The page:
Word of the year—
I love it when the Oxford Dictionaries annually names a word of the year. This must be a tough task. They say the word is chosen because it “is judged to reflect the ethos, mood, or preoccupations of that particular year and to have lasting potential as a word of cultural significance.”
This year’s winner is …drum roll…vape.
Vape is a verb to denote the action of breathing in the vapor produced by and electronic cigarette. Some call these e-cigarettes. It can be a noun when it refers to the act of vaping or the device itself.
The Urban Dictionary notes that the word is used because you done “smoke” an e-cigarette since there is vapor, not smoke.
Now you now this year’s word of the year.
The quick brown fox jumps over the lazy dog. How many times did some of us bang out this sentence on a typewriter (remember those?) as we learned to type—oh so long ago.
I recently found out there is a name for sentences like this. They are pangrams. This is a Greek word meaning every letter. In a pangram, a sentence contains every letter of the alphabet in one sentence. They are also known as holoalphabetic sentences.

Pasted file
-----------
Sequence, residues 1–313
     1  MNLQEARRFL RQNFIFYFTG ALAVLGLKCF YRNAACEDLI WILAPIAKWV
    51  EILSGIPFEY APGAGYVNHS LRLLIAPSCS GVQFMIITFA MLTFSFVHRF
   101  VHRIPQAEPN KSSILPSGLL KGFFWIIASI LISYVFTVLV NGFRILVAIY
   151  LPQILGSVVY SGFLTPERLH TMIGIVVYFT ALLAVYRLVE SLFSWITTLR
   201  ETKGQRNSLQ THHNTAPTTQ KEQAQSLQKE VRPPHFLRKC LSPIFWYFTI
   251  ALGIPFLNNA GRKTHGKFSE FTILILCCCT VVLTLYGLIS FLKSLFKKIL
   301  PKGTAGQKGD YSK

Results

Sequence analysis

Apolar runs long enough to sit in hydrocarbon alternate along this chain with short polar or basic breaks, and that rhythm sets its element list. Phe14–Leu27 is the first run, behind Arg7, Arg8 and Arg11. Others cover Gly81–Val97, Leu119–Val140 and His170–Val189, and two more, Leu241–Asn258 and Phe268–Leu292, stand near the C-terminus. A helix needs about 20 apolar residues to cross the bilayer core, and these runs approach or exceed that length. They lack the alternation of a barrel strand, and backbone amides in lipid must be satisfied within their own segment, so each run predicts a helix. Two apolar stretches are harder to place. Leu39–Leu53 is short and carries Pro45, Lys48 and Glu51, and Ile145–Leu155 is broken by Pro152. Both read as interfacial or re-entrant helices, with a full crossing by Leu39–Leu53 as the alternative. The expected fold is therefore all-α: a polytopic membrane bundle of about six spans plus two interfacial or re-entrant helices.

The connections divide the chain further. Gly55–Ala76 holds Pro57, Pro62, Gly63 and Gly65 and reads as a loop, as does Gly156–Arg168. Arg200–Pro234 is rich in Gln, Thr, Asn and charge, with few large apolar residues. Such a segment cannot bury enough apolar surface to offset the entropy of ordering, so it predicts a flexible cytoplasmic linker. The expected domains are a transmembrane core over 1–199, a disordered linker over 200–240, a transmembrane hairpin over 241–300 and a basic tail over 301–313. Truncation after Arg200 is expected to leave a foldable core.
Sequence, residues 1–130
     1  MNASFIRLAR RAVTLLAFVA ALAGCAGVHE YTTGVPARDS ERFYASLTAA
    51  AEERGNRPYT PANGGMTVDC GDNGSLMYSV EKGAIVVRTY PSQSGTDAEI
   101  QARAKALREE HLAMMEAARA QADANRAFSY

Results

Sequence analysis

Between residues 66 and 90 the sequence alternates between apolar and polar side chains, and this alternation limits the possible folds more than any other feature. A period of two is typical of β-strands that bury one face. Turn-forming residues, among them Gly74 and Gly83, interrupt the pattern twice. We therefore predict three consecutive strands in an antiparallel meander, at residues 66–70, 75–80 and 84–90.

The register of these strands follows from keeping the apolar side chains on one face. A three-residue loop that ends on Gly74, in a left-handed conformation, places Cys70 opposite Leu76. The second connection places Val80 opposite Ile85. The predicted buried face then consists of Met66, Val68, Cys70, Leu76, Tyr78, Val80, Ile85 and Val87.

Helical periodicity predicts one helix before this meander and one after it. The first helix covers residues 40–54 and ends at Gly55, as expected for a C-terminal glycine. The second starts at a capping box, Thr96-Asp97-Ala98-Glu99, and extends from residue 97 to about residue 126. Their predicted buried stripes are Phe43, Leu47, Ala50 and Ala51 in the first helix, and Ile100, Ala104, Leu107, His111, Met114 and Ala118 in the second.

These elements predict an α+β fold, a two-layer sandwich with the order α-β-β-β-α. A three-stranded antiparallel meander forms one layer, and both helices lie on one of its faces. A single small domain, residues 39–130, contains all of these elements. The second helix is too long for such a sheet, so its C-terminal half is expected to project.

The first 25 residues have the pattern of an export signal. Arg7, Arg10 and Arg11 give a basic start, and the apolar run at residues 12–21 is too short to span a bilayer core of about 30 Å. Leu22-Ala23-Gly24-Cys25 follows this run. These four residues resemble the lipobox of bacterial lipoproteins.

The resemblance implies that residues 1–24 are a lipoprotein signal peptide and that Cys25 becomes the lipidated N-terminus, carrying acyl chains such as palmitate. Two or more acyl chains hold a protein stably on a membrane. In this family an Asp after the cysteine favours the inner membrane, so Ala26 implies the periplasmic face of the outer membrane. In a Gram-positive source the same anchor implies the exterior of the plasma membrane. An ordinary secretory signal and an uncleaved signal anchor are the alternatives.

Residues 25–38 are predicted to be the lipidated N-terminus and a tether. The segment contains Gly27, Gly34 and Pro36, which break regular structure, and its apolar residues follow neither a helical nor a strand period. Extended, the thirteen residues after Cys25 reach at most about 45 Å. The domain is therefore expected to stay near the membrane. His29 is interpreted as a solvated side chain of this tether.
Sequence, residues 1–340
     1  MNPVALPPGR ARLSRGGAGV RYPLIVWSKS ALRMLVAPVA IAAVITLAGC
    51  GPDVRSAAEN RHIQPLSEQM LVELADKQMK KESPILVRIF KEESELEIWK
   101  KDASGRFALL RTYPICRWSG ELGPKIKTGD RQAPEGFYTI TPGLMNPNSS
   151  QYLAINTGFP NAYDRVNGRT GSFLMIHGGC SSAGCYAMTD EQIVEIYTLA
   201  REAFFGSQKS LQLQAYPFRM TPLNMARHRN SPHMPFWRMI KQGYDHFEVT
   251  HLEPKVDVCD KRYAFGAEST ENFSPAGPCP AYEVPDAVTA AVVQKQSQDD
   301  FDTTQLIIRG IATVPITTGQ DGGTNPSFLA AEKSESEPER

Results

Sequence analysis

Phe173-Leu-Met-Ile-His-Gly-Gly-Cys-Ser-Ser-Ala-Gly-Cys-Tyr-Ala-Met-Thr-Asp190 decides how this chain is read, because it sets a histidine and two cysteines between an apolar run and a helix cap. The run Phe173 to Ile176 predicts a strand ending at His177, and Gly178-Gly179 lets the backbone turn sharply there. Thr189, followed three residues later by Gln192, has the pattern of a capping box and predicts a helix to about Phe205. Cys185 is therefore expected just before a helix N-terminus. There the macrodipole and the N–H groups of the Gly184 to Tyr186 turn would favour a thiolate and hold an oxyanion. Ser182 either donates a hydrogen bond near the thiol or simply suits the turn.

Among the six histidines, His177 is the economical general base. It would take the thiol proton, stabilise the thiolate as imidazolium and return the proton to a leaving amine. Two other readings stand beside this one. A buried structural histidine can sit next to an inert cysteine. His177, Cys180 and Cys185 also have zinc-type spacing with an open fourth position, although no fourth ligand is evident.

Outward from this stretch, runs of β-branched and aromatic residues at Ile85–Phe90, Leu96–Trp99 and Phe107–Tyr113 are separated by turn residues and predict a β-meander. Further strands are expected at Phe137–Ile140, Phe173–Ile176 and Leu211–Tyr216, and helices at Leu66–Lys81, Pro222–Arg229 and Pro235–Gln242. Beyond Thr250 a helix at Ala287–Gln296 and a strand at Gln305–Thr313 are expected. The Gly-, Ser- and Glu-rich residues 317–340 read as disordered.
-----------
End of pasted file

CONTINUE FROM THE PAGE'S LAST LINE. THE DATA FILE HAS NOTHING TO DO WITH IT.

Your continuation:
Pangrams are a good way to display typefaces or practice calligraphy, in addition to aiding in learning where the letters on a keyboard reside.
We promptly judged antique ivory buckles for the next prize.
Brown jars prevented the mixture from freezing too quickly.
Pack my box with five dozen liquor jugs.
Fred specialized in the job of making very quaint wax toys.
Hippotherapy is another new word for me. I heard it on the radio, so I had to know more. (No, it is not where they put a hippo on a couch.)
In reality, hippotherapy is a form of physical, occupational and speech therapy. A therapist uses the characteristic movements of a horse to provide carefully graded motor and sensory input. It is meant to improving coordination, balance, and strength.
It is not the same as therapeutic horseback riding.
The word hippotherapy has its roots in the Greek word hippos (horse). It literally refers to treatment or therapy aided by a horse.
Hippotherapy is not new. It is mentioned in the ancient Greek writings of Hippocrates—Hence, the name. Even though it is that old, the discipline was not developed until the 1960s, when it began to be used in Germany, Austria, and Switzerland as an adjunct to traditional physical therapy.
Now you know a new word – HIPPOTHERAPY!